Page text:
One of my focus areas at InformationSpan is the wide range of high quality IT insight that’s available for free in the Internet age. Today I want to highlight insight from McKinsey, still perhaps the doyen of management consultancies, via their email Quarterly.
The arrival of the Web, of course, changed people’s perception of intellectual capital: these days, largely, it’s expected to be a free good. You can look at the music industry download saga, for the classic example. There are others, more subtle but none the less real, in any intellectual property business (such as pharmaceuticals, where I worked).
Corporate IT relies on subscription insight services from the major players like Gartner or Forrester, who by and large are expensive providers (that’s not a value judgement: the value is high, but if you want a Gartner for IT Leaders seat, or its equivalent, it will set you back thousands of dollars or pounds). But in the Internet age, there’s a range of content available for free from everyone from major Gartner analysts to the highly specialised niche players. Our index to Analyst Blogs provides a structured index to Gartner’s Blog Network, as perhaps th eleading example.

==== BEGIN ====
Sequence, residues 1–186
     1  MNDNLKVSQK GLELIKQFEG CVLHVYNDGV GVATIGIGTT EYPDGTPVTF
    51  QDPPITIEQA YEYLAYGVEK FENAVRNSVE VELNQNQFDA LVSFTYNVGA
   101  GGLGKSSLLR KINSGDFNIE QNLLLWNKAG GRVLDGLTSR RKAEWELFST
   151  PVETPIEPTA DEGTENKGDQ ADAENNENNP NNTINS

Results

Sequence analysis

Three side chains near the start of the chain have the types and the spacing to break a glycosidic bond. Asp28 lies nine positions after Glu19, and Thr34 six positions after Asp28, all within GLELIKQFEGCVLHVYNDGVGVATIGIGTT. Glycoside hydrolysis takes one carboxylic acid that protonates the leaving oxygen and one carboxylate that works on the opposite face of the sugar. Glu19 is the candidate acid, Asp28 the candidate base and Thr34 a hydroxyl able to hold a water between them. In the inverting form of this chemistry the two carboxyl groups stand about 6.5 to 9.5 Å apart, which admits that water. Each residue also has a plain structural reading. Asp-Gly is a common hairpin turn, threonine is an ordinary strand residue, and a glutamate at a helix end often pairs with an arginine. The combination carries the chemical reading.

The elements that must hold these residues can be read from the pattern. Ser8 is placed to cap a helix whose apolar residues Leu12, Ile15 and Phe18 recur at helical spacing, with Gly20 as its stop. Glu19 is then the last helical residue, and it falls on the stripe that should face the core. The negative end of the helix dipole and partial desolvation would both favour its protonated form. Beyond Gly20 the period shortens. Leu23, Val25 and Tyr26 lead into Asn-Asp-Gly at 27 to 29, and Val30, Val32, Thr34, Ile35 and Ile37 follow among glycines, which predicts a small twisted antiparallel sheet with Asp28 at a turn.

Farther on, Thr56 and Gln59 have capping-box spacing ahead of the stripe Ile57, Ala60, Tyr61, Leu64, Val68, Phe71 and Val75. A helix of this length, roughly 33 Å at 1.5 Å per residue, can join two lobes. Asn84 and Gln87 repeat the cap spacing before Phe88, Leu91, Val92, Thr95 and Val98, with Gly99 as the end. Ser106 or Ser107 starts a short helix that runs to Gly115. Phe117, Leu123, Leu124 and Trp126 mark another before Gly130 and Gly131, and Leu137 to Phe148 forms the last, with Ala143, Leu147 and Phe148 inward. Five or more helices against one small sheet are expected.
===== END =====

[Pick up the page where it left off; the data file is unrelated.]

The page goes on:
There are always additional sources worth exploring, though, and not all of them consider IT their major business sector. Companies such as PwC, A T Kearney and McKinsey all publish serious information on the web. Recently I added McKinsey Quarterly to my subscription list and the most recent edition highlights a short case study of the transition brough about by a new CIO at TalkTalk. It’s a case of a company having grown by acquisition as well as growth, ending up with a variety of non-communicating systems, and in the end being held back by disconnections and incompatibilities. Something about the need for a new broom, to bring in changes, and the way the transition was handled in terms of the existing team. And a couple of lessons learned.
Take a look and, maybe, subscribe.
• Raising performance by reducing IT complexity, McKinsey Quarterly, March 2011 (with subscription links including Zinio digital edition)